from the help-tom-cruise-find-future-crime dept.
jedie writes "After reading about different Wiimote hacks on Slashdot I decided to make a video with some demos of my motion-detection library. You can watch the video here. There's a link to the sourcecode (GPL) as well, but the demo is win32 only. It's basically a webcam and some software in python to track LEDs (preferrably IRs). In the demo video, you see the software (albeit badly because of the webcam's IR filter being removed) tracking two differently colored LEDs, so multiplayer is possible. The software can track multiple points easily, and when combined with IR-LEDs, it's easy to simulate one Wiimote (i.e. calculating the distance and angle between two IR-LEDs to determine where the remote is relative to the webcam). I want the code to get some publicity, because I don't have time to work on it (dissertation, blabla) but I don't want the code (however messy it is) to go to waste."
An anonymous reader writes: A few months ago I searched for a very unique string (with letters, numbers and shift-number characters) on Google.co.uk. No search terms were returned. The other day I searched again, and there were three spam results — one was spam added as hidden comments on a seemingly innocent tech site, the other were blogspot.com spams (i.e. yjumdfjsdhsd.blogspot.com).
A couple of other people I know have reported the same thing. Their quotes: "I think google sells the search strings to companies. I typed in a search maybe 3 years ago, and I did a partial search using some of the same keywords a few months ago. I was surprised to see my exact phrase that I used years ago, but on a spam site."
"I had an idea of an adult dating site name for a story I was writing, googled it, and nothing existed. Now it's a couple months later and I regularly get that search term in the subject line of spam to me. There's a break in the chain somewhere I guess. "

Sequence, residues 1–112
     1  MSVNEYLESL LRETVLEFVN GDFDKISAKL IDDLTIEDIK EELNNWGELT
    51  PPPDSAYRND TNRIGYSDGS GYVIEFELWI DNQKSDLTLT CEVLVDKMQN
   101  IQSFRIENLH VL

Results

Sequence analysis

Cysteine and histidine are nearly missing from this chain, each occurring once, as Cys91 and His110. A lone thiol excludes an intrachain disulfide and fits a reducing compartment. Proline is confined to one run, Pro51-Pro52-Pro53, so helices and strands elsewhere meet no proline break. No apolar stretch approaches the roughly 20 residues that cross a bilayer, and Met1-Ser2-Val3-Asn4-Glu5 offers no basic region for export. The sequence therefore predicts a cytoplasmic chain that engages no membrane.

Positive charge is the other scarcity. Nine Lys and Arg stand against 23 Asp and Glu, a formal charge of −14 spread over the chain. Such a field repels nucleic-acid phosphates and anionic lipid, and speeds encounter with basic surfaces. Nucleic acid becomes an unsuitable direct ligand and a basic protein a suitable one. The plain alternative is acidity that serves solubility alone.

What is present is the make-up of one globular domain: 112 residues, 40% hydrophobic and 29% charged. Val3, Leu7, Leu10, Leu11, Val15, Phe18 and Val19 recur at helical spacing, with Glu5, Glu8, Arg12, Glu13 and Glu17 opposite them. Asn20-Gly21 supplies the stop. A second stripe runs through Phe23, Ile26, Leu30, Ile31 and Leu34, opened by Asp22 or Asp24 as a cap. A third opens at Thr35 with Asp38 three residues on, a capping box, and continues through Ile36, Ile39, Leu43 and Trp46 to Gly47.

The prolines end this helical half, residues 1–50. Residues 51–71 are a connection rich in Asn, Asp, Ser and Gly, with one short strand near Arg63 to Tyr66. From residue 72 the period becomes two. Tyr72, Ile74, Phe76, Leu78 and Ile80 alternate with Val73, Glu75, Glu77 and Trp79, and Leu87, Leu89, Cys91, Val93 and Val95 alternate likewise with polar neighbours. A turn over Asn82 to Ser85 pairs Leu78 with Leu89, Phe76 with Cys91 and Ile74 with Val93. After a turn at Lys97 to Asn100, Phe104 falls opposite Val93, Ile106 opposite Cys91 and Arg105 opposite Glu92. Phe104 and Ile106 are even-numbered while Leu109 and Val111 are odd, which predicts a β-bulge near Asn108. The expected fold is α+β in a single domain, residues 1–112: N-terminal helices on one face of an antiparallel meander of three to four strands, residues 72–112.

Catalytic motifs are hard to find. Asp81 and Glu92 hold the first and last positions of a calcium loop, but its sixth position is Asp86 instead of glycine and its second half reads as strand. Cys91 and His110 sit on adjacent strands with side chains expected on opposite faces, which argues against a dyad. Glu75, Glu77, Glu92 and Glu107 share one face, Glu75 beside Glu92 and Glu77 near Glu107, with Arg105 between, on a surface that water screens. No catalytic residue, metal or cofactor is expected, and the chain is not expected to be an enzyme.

Does Google sell the terms that people search for?
Notes: I might have used either google.co.uk directly or maybe Firefox's in-built Google search box. I always use Firefox with RefControl to hide the referer, NoScript and AdblockPlus turned on with Google adverts hidden, Google History is disabled, I use OpenDNS but have Google's IPs hardcoded into my hosts file in case I'm ever DNS-poisoned (and also because OpenDNS reroutes Google via their own server), I have never had mal/spyware, I use NOD32, and regularly check for odd TCP connections and run Rootkit Revealer, etc.
Note that because I use NoScript and AdBlock Plus, I have no idea if any of these pages are laden with malware. Be careful.
Sometimes Google returns different results for different countries, so here are some Cache links. You can find other blogspot domains and hidden comment spam sites by searching for some of the unique keywords found on these pages:
The only things I can think of is that either someone is sniffing search queries destined to Google, Google reveals search words to anyone who wants to buy adverts (as opposed to advertisers saying "I want to buy a million searches of the keywords "suntan lotion"), or someone working at Google sells search terms to SEO companies, or an enterprising SEO person has found a backdoor to see Google search terms.
WSJdpatton writes: "While GPS, laptops and cellphones have made big changes for the trucking industry, CBs are still around. And many road warriors prefer to keep it simple, especially when it comes to dentistry, as this video report shows."
KlaymenDK writes: My father has been thinking about retiring from the (lumbering behemoth of a) company he's been working at, and I've teased him by saying that he can always find an open source project that needs his kind of skills.
A few days ago he actually did retire (well, was retired) but he's got plenty of energy left in him, and also more than 35 years of IT experience. So how, specifically, would one go about determining the best project to dedicate one's effort to?
He's a civil engineer, has done a ton of wizardy mainframe programming "back in the day", and has spent the last 15-20 years doing product presentations and educating the sales force about the technical side of the product lines. He's an avid promoter of "green" technology (that is, energy-efficiency and recyclability), and has never been afraid to go against management if he had a better plan. However, he's not entirely up to speed on the open source movement and free operating systems, though I do my best to educate him.
I'm sure he would make an excellent spokesperson for the OpenMoko, except they don't have any openings. So where else could you suggest, where would you start looking?